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Commentary By Nicole Gelinas

'Mark-To-Market' Isn't To Blame For Meltdown That Led To Crisis

The credit meltdown has spawned a few false villains, and one is "mark-to-market" accounting. Too many observers wrongly thought if we just suspend the accounting rule that requires financial firms to report certain investments at fair market value, then the crisis will go away.

What is mark-to-market accounting? The people who write and enforce our national accounting standards mandate that publicly traded financial companies must report some of their assets (things like mortgage-backed securities) and liabilities (like money they've borrowed from other institutions) at marked-to-market values.

That is, if you bought a certain security at $100 last year, but you can't find anyone to buy it this year for more than $40, you've got to report its worth as $40. Unless you plan to build a time machine, that's the fair-value market price it would command.

Financial institutions have reported many financial instruments this way for decades, usually because they wanted to. If much of your business is borrowing huge amounts of money and then buying and selling securities to exploit and magnify small price changes in those securities, then you've got to have a way of telling the world how much money you've made this quarter doing just that.

What's It Worth?

But no financial firm has to report all of its assets at fair value. What must be reported that way are things like derivative securities, securities purchased temporarily—or what an institution hoped was temporarily—through constant trading techniques, and securities that companies have designated as "available for sale."

If a bank always planned to sell a particular security pretty fast and was, in fact, depending on the money from that sale to continue funding its operations and churning out profits, it should value that security at what it's worth right now.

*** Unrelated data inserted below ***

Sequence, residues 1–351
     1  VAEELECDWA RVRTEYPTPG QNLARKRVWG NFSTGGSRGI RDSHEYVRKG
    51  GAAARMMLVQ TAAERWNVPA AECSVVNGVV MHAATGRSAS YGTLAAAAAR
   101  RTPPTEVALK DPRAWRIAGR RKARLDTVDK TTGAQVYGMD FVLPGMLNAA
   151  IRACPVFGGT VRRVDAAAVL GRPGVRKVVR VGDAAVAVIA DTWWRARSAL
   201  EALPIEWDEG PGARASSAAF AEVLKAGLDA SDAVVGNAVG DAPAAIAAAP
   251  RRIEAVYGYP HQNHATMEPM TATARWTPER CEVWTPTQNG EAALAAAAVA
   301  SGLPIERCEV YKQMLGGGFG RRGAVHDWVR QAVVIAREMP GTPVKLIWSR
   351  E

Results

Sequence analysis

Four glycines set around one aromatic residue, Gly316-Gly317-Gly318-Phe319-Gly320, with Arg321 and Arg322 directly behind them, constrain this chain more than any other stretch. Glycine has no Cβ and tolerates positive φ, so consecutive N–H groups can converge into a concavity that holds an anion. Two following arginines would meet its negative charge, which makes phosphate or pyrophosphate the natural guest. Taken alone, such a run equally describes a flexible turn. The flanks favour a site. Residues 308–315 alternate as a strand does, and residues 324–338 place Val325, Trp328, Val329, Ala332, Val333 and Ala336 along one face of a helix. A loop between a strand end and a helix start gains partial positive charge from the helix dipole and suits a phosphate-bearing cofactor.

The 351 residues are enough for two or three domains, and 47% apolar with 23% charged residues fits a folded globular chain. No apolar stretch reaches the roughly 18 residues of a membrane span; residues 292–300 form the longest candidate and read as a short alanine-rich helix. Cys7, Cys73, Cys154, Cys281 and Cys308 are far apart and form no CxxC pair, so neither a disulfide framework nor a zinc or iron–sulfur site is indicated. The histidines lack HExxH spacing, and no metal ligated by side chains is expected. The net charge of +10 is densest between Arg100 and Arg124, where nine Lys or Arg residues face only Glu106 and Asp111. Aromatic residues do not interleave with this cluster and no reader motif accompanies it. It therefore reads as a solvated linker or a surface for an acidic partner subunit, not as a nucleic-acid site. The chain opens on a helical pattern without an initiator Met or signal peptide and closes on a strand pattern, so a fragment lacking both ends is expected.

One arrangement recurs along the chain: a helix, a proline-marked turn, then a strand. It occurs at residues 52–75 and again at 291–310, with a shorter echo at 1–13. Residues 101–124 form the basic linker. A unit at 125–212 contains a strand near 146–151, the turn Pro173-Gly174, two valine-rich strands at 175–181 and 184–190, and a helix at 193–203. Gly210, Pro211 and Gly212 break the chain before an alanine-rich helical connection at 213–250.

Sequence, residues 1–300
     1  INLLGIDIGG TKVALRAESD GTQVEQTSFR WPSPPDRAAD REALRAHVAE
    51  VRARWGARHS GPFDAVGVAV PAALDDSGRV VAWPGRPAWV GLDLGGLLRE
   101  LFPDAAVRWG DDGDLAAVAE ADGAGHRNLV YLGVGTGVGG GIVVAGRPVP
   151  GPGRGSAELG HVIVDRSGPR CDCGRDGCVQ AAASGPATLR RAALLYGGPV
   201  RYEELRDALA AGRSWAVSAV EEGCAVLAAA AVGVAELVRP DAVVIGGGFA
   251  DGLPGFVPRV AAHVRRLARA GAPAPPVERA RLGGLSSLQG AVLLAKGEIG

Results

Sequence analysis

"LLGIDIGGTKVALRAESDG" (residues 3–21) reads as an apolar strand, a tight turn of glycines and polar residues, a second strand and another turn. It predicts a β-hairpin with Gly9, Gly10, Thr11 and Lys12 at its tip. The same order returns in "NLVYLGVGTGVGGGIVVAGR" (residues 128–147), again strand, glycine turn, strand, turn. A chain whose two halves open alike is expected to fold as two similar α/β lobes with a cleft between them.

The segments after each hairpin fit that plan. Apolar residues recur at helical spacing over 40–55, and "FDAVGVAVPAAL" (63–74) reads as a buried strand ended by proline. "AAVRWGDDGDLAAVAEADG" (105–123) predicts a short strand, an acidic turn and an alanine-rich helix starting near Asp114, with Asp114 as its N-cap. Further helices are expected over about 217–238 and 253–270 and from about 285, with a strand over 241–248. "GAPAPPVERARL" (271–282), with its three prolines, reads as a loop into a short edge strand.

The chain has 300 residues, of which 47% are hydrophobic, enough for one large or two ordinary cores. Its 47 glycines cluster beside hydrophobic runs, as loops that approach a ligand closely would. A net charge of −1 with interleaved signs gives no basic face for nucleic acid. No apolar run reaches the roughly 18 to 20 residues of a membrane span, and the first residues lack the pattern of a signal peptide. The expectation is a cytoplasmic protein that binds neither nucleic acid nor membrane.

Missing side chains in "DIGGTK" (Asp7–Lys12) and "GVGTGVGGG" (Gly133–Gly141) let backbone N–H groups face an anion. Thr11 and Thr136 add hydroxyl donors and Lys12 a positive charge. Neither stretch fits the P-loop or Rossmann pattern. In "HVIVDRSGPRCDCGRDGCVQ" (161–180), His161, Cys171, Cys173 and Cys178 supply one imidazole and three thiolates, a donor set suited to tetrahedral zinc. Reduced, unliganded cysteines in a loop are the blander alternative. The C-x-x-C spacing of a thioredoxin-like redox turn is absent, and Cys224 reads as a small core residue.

When it comes to long-term investments, financial firms have more discretion. In most cases, if a bank had always planned to hold a security to maturity, it doesn't have to pay much attention to those fair values.

There is a big exception, though: If the bank believes that that long-term investment is permanently impaired, it must subtract that impairment from the long-term value. But even then, an institution doesn't have to write these long-term securities down to immediate market values; it only has to write them down to, say, the expected value of the remaining good mortgages in the security.

So what's all this talk about fair-value rules being new and somehow precipitating or at least exacerbating the current crisis? In truth, the only new wrinkle came last November, when the accounting-standards people issued new guidelines for how to measure fair value. They didn't issue a new fair-value requirement.

Around the same time, the markets for the most opaque, complex securities were seizing up. Whereas once you could instantly find hundreds of thousands of buyers for mortgage-backed securities close to the prices at which the securities were issued, nobody wants them anymore—at least not without weeks of scrutiny, and certainly not at the price the banks want to sell them.

In demonizing fair-value rules, critics say that the standards have spawned write-down after write-down, causing yet more losses at financial institutions that use their peers' values as guidelines, and causing more investors to flee, escalating the losses and causing big firms to fail.